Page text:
Former Georgia gubernatorial nominee Stacey Abrams on Thursday urged Hollywood producers not to boycott the state in protest of its so-called “heartbeat” abortion law, calling on them instead to fight the bill by supporting local organizations.
“While I support those who want to live their values by not bringing their resources here, I do not want to harm the citizens of Georgia who are doing this work,” Abrams, who ran for governor as a Democrat last year, said on MSNBC.REAL LIFE. REAL NEWS. REAL VOICES.Help us tell more of the stories that matter from voices that too often remain unheard.Support HuffPost
Members of the entertainment industry have weighed whether to pull their productions from the state, a popular filming location for Hollywood because it offers a generous tax credit program for film and television projects. In recent years, Georgia has attracted several major projects, including Netflix’s “Stranger Things,” AMC’s “The Walking Dead” and Marvel’s “Avengers” franchise.
In 2018, 455 movie and television productions filmed in Georgia, generating $2.7 billion in direct spending in the state, the governor’s office said last year.
Some actors and producers have pledged not to work in the state in protest of the bill signed into law by Gov. Brian Kemp (R) last week, which would restrict abortions at around six weeks of pregnancy, when many women do not even know they are pregnant.
But several producers are now choosing to keep their productions in Georgia, while pledging to contribute to groups that are fighting the abortion law, like the American Civil Liberties Union and Planned Parenthood.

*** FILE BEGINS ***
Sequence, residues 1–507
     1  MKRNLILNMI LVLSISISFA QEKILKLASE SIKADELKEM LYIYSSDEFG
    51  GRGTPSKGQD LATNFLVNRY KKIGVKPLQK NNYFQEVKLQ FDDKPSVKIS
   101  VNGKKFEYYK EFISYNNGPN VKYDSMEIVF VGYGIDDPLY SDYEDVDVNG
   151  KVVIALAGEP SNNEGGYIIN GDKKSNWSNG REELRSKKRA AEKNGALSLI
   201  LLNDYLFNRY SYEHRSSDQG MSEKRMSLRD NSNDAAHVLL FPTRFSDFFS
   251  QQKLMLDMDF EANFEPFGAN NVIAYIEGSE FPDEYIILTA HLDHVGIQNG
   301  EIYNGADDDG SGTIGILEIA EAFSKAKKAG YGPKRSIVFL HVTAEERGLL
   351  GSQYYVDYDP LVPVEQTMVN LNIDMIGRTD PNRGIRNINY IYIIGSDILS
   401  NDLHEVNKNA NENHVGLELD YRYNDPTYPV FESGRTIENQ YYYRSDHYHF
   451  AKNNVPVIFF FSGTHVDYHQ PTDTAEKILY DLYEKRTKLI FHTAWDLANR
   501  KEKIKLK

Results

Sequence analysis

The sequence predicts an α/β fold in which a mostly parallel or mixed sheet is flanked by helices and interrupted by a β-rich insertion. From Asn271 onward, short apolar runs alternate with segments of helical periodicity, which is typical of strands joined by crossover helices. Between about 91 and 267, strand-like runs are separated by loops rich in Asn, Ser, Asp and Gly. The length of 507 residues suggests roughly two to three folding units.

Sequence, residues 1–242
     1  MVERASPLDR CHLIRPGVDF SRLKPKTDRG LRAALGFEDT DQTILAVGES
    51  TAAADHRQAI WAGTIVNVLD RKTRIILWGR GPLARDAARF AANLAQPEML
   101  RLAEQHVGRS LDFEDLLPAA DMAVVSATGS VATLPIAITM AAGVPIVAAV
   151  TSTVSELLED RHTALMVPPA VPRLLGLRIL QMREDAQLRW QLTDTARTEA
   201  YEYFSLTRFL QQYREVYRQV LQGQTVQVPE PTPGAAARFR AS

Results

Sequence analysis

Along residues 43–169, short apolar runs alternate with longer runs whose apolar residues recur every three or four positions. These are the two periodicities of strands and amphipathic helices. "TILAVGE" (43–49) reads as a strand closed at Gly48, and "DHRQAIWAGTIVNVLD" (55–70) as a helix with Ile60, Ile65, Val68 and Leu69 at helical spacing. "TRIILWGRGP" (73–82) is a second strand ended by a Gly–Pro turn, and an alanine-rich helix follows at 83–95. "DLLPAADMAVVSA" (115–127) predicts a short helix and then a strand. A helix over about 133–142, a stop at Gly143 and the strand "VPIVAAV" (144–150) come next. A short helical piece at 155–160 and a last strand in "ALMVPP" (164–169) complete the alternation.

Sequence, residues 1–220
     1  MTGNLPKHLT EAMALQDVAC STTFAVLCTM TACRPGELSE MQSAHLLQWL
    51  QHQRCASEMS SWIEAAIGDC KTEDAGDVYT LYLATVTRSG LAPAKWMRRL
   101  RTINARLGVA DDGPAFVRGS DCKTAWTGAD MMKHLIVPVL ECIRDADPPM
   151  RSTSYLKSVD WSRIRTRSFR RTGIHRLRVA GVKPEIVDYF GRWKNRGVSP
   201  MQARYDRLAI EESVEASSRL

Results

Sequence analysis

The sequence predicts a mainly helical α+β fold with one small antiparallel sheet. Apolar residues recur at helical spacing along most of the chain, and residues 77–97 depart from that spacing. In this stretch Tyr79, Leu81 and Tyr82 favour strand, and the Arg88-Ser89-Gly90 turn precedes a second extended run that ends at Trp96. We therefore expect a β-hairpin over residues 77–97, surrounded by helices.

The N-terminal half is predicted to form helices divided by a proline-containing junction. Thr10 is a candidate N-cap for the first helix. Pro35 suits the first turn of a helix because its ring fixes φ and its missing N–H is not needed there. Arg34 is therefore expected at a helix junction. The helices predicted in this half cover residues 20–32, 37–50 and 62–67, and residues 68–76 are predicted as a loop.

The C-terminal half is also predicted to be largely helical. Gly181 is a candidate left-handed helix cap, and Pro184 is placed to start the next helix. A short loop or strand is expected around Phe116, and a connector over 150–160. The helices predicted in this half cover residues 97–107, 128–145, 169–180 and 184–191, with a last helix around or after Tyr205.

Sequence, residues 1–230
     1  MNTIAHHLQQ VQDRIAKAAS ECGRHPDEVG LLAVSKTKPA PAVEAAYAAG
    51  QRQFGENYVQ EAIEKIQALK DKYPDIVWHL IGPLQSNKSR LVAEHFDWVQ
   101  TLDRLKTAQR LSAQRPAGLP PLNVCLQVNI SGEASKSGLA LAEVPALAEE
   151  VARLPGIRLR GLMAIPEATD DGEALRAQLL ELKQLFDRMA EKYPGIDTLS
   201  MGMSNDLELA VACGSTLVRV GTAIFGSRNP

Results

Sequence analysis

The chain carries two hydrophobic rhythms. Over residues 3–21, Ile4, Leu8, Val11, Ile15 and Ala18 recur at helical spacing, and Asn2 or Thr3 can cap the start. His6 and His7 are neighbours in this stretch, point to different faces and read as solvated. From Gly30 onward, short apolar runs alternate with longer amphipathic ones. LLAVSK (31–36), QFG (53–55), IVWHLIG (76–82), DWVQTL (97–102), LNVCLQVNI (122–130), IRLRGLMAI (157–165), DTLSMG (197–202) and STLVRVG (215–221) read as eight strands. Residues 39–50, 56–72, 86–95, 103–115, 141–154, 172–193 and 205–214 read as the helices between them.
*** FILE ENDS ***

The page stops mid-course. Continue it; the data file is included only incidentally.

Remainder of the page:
Abrams encouraged this approach. While stressing that she supports “the idea of economic boycotts” — acknowledging how they “transformed the South” during the civil rights movement — she argued that in this case, boycotting wouldn’t be enough to pressure the state’s Republican lawmakers who are pushing the anti-abortion legislation.
“They know that they can demonize Hollywood, try to take their resources, but not accept the responsibility of protecting the women of Georgia,” she said.
Abrams advised those considering a boycott to instead “invest in the work on the ground” by contributing to the ACLU, reproductive health organizations or her own voting rights organization, Fair Fight Georgia — in order to “win this fight long-term,” she said.
Last week, directors J.J. Abrams and Jordan Peele said they will donate their salaries from “Lovecraft Country,” an upcoming HBO series that will film in Georgia, to the ACLU and Fair Fight Georgia.
On Wednesday, producers Peter Chernin and Jenno Topping also said they will contribute to the ACLU while continuing to film two upcoming projects in the state.
Stacey Abrams’ remarks on the issue echoed concerns from women working in film and television production in the state, some of whom circulated a petition this week encouraging Hollywood not to stop doing business there.
“To those who choose not to come to Georgia because of the actions of our government, we understand your reasoning. But please know this: Georgia’s hardworking women and many men in this industry will continue to be the resistance from the inside,” the petition reads. “With our voices, our art, and our daily boots on the ground, we’ll keep working for the leadership we deserve. Your condemnation is understandable, but what we really need most is allies.”
While major Hollywood studios and companies have previously spearheaded economic boycotts, none of them have publicly commented on the Georgia law ― likely steering clear of the issue because the law is not slated to go into effect until 2020, and will almost certainly face a lengthy legal battle.
Last week, the Motion Picture Association of America said it would “monitor developments” on the bill, citing the pending court challenges.